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Economic recovery continues at slow, steady pace

OKLAHOMA CITY — General Revenue Fund collections in March were $405.5 million and came in at $21.4 million, or 5.6 percent, above the monthly estimate. This amount is $53.5 million, or 15.2 percent, above collections in March of 2017. Total collections over the first nine months of the fiscal year were $4.0 billion which is $141.8 million, or 3.7 percent, above the year-to-date estimate and $468.5 million, or 13.4 percent, over the year-to-date for 2017.

"I'm encouraged to see strong returns in March after coming up short in February," said Office of Management and Enterprise Services Director Denise Northrup. "With motor vehicle and gross production collections continuing to fall below year-to-date estimates, it is still time to be cautious."

Total year-to-date estimate slightly above at 3.5%

OKLAHOMA CITY — General Revenue Fund collections in February were $294.2 million and came in at $2.0 million, or 0.7 percent, below the monthly estimate. This amount is $46.2 million, or 18.6 percent, above collections in February of 2017. Total collections over the first eight months of the fiscal year were $3.6 billion which is $120.4 million, or 3.5 percent, above the year-to-date estimate and $415.0 million, or 13.2 percent, over the year-to-date for 2017.

"February collections are historically our lowest collection month, and as predicted, we came up short this month," said Office of Management and Enterprise Services Director Denise Northrup. "As we look forward to the remainder of the fiscal year, slow and steady progress should be expected."

First seven months of fiscal year only 3.9 percent above estimate

OKLAHOMA CITY — General Revenue Fund collections in January were $596 million and came in at $47.2 million, or 8.6 percent, above the monthly estimate. This amount is $90.8 million, or 18.0 percent, above collections in January of 2017.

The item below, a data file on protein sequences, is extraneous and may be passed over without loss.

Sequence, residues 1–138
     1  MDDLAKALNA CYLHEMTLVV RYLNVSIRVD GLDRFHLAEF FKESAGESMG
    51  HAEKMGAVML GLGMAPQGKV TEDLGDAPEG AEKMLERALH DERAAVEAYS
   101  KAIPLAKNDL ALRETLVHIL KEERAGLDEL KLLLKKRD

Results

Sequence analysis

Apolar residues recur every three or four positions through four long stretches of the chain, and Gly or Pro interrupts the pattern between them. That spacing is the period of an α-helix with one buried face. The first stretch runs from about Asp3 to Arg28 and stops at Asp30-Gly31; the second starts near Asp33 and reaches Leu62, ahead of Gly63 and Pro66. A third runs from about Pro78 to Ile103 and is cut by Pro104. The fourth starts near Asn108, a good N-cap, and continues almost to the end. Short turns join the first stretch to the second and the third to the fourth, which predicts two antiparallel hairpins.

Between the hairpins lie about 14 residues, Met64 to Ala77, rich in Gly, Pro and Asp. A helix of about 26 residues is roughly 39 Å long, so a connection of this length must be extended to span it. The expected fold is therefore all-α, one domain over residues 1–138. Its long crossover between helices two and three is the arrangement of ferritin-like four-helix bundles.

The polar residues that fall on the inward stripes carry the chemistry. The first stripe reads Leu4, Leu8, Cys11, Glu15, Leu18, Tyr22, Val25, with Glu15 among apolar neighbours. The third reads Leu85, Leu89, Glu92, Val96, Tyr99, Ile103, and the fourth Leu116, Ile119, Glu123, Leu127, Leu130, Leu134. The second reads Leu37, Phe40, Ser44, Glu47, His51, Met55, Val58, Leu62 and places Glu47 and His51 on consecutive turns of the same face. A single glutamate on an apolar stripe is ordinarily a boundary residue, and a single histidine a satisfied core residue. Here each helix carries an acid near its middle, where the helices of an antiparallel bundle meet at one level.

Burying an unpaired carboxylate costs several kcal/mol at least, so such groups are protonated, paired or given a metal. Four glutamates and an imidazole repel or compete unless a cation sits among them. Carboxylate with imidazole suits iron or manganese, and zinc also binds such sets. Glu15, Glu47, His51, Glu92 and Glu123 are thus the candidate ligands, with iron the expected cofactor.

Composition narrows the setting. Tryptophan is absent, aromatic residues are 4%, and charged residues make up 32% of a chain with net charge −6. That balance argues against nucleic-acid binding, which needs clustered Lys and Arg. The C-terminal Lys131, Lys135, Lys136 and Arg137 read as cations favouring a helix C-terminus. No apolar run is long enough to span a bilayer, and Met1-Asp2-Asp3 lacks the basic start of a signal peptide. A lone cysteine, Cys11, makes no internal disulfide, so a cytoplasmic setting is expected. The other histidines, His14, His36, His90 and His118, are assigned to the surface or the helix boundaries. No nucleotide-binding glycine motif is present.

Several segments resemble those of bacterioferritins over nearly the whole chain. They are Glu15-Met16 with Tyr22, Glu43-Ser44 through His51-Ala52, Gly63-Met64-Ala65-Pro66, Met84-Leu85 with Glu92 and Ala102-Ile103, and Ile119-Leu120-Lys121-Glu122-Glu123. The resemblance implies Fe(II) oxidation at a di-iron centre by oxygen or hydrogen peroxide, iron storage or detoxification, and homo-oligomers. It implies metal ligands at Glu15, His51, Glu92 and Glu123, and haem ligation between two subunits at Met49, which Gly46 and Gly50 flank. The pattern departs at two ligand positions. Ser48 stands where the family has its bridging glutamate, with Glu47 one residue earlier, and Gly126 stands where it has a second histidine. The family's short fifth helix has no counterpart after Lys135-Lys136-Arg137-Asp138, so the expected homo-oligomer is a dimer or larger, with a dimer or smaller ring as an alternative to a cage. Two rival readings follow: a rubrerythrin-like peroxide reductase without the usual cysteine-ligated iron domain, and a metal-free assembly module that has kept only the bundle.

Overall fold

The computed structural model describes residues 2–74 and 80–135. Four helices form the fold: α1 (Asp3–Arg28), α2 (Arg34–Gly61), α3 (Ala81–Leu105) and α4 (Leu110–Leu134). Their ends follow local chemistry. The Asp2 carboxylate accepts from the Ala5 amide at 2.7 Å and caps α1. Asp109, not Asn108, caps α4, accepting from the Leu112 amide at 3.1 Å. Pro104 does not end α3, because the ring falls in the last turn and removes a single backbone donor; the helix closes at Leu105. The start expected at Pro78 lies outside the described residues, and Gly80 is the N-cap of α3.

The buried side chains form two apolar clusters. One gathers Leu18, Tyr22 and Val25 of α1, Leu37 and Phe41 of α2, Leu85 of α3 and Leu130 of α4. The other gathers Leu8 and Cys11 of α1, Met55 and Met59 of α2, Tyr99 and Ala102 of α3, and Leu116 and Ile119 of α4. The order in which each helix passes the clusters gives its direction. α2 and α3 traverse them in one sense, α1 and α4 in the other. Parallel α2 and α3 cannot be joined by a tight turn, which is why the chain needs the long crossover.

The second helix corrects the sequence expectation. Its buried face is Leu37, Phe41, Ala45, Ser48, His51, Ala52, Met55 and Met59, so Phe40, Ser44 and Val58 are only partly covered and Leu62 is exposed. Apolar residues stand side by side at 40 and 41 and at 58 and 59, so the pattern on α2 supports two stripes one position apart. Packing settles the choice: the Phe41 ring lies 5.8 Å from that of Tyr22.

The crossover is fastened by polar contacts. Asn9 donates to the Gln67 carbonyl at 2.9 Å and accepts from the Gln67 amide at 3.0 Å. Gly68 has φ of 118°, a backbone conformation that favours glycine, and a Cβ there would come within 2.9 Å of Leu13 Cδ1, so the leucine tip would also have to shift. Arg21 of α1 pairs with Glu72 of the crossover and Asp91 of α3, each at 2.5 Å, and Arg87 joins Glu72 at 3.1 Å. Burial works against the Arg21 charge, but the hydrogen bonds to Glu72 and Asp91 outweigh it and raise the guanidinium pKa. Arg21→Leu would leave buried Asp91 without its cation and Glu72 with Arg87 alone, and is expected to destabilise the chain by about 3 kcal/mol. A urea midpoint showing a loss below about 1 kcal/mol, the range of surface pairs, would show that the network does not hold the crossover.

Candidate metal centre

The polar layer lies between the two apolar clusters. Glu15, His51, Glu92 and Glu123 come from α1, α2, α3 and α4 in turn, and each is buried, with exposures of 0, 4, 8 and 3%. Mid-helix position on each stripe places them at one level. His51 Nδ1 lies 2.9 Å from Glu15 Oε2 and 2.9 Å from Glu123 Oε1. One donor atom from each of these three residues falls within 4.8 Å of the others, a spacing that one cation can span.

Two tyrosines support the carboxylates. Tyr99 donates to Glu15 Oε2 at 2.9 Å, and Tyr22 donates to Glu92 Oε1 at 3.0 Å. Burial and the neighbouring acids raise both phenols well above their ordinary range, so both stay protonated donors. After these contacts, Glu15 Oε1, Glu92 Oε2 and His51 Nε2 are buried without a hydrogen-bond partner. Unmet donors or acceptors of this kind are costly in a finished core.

Total collections over the first seven months of the fiscal year were $3.3 billion which is $122 million, or 3.9 percent, above the year-to-date estimate and $369 million, or 12.7 percent, over the year-to-date for 2017.

"It is a good sign that we have been surpassing the estimate consistently for the past few months, but I'm not ready to declare that the state has totally recovered from the energy downturn," said Office of Management and Enterprise Services Director Denise Northrup. "I know others have been significantly more celebratory about recent returns, but we have a long way to make up from the multi-year downturns to show we are back on track."

Year-to-date shows small increase of only 2.9%

OKLAHOMA CITY — General Revenue Fund collections in December were $512.6 million and came in at $36.6 million, or 7.7 percent, above the monthly estimate. This amount is $93.1 million, or 22.2 percent above collections in December of 2016. Total collections over the first six months of the fiscal year were $2.7 billion which is $75.2 million, or 2.9 percent, above the year-to-date estimate and $278.1 million, or 11.6 percent, over the year-to-date for 2016.

The Office of Management and Enterprise Services has released the 2017 Comprehensive Annual Financial Report for the fiscal year ended June 30, 2017.

The CAFR is a yearly issuance published by OMES and reviewed by the Oklahoma State Auditor and Inspector. The CAFR is required by state law and is the primary means of reporting the state government's financial activities. It maintains reporting information for all agencies, funds and component units included in the state reporting entity, and prepares the annual schedule of expenditures of federal awards.